A new Associated Press health care poll demonstrates that when asked follow up questions about the trade-offs involved, Americans are much less supportive of Democratic health care policies than other polls would have us believe. For instance, when asked, “Do you favor or oppose requiring that everyone has at least some health insurance?” respondents say they favor the mandate by an overwhelming 67 percent to 27 percent margin. Yet when the pollsters actually described how the mandate would work by adding “and pay money to the government as a penalty if they do not, unless the person is very poor” suddenly the numbers reversed, with only 28 percent supporting the mandate and 64 percent opposing.
Additionally, one of the most popular elements of health care legislation, we are told, is the requirement that insurance companies cover those with pre-existing conditions. Yet it turns out to be much less popular when people find out the catch. While 82 percent said in a Pew poll last month that they would support a ban on pre-existing condition exclusions, that number was just 43 percent in the AP poll, which told respondents that “such a ban would probably cause most people to pay more for health insurance.” We can only wonder how much lower that number would be if they were also told that such a ban would necessitate creating a mandate that would require a penalty for those who do not purchase health insurance that is approved by the Health Choices Commissioner and offered on a government-run exchange.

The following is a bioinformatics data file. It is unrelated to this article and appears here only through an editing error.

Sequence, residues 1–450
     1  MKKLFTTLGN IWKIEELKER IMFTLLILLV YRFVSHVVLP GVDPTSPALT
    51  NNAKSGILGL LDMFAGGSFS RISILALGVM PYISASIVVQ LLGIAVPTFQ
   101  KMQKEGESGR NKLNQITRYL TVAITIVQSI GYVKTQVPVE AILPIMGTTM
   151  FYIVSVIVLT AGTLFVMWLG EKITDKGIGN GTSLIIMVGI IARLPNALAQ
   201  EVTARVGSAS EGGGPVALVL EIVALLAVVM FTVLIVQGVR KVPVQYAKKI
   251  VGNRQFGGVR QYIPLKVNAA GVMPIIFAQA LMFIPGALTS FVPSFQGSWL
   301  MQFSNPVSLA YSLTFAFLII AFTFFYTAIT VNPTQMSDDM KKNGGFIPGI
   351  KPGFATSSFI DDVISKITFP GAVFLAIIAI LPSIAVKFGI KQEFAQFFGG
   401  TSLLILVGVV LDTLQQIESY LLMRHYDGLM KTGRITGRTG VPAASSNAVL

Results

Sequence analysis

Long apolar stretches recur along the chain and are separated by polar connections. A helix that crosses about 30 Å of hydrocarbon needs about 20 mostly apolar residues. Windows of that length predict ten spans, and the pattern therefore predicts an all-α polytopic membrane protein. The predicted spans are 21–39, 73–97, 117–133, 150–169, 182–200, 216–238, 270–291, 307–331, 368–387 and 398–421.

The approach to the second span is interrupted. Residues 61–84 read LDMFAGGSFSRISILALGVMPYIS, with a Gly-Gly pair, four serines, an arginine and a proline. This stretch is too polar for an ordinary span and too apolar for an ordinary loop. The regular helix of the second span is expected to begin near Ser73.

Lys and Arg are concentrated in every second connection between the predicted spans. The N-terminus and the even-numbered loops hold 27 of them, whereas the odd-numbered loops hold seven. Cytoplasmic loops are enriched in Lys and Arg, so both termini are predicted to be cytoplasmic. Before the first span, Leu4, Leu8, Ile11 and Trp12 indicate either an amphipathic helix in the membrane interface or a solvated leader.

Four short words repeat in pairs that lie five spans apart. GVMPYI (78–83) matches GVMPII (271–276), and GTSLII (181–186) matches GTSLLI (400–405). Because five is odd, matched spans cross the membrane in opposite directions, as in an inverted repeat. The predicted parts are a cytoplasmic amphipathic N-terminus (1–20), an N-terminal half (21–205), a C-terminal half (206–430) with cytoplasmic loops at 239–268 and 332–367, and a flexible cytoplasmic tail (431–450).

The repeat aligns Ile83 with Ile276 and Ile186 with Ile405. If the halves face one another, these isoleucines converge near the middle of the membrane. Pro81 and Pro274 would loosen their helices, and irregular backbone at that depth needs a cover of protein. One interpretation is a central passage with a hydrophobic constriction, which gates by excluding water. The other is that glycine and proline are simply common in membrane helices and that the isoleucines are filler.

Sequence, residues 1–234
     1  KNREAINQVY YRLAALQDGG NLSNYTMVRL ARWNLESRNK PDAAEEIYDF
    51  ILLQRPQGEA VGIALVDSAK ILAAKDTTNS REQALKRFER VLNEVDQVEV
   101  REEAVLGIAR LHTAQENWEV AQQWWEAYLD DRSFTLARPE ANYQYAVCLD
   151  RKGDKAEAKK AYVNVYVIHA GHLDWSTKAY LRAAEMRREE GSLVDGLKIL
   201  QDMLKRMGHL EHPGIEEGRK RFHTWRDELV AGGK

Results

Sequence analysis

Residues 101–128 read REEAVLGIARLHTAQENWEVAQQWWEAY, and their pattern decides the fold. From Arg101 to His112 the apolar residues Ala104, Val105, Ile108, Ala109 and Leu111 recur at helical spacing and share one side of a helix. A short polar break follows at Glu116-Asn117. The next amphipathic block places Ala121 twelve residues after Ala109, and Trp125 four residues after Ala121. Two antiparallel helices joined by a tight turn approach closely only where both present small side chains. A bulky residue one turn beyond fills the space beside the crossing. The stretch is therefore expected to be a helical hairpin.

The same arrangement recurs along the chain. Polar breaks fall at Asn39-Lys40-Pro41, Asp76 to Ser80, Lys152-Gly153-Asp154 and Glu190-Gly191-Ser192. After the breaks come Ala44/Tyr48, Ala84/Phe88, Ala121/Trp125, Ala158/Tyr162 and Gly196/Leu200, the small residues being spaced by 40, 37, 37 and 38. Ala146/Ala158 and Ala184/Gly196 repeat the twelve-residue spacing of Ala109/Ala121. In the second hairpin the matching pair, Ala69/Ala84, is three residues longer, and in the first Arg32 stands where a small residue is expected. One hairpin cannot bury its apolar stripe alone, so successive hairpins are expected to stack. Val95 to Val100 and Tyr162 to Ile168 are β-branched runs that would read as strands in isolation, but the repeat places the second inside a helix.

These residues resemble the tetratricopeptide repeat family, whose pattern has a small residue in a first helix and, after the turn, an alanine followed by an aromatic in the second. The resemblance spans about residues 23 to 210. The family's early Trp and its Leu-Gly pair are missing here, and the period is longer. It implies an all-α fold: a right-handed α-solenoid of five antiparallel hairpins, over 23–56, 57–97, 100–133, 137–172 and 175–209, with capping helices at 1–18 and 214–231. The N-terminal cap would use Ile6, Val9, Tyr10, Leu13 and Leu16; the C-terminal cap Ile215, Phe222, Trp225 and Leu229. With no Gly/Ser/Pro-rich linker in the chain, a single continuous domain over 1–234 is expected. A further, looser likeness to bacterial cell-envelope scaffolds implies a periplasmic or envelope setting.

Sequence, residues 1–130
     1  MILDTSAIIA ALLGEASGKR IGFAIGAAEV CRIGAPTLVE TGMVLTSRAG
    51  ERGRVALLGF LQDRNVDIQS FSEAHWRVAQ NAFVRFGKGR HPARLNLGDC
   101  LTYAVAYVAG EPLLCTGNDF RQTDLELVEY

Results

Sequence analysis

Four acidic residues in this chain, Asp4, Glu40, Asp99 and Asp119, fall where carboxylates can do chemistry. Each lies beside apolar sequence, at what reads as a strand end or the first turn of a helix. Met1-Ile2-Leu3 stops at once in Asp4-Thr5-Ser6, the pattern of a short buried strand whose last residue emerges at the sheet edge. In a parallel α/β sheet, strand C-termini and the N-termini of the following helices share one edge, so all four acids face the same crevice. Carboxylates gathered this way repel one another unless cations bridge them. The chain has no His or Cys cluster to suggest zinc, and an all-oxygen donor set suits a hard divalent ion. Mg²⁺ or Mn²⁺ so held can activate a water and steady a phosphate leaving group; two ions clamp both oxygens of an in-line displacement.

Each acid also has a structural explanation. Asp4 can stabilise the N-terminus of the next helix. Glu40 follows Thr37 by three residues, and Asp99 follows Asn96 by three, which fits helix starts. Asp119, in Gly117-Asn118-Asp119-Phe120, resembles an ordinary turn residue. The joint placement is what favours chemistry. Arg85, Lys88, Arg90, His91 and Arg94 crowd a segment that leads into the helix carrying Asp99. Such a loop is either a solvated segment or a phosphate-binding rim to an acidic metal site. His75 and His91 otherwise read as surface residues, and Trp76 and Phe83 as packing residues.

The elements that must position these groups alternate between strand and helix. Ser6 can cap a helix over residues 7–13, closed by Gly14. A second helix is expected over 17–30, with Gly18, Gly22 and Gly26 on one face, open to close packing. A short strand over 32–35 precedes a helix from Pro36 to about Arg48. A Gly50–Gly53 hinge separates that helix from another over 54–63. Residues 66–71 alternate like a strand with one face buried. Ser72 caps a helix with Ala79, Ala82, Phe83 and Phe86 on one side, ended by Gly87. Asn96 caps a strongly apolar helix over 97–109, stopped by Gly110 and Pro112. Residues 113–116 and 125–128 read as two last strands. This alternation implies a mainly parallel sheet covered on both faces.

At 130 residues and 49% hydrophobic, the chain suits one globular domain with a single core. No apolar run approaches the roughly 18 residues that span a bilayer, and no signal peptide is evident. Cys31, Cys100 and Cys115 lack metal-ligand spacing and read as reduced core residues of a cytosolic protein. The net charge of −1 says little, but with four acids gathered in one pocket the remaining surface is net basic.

Notice to Readers: The American Spectator and Spectator World are marks used by independent publishing companies that are not affiliated in any way. If you are looking for The Spectator World please click on the following link: https://thespectator.com/world.